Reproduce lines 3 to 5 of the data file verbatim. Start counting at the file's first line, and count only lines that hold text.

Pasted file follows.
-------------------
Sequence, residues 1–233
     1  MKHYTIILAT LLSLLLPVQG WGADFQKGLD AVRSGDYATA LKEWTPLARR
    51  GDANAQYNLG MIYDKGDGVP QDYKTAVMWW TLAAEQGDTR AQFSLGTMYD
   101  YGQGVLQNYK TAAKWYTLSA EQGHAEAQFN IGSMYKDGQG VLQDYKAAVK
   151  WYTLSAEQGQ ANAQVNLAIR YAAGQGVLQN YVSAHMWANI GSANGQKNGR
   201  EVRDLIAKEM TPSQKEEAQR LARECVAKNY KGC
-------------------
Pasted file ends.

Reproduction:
    51  GDANAQYNLG MIYDKGDGVP QDYKTAVMWW TLAAEQGDTR AQFSLGTMYD
   101  YGQGVLQNYK TAAKWYTLSA EQGHAEAQFN IGSMYKDGQG VLQDYKAAVK
   151  WYTLSAEQGQ ANAQVNLAIR YAAGQGVLQN YVSAHMWANI GSANGQKNGR